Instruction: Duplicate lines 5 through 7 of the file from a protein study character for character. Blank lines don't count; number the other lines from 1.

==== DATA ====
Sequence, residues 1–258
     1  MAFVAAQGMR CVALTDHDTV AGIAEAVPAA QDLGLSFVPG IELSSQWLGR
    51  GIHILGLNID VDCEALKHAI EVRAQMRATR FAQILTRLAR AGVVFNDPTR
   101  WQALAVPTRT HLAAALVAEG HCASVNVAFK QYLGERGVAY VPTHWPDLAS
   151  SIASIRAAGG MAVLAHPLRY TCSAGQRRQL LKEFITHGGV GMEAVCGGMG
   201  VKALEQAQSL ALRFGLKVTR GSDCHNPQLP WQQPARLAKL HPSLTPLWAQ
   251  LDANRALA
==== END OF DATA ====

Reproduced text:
   151  SIASIRAAGG MAVLAHPLRY TCSAGQRRQL LKEFITHGGV GMEAVCGGMG
   201  VKALEQAQSL ALRFGLKVTR GSDCHNPQLP WQQPARLAKL HPSLTPLWAQ
   251  LDANRALA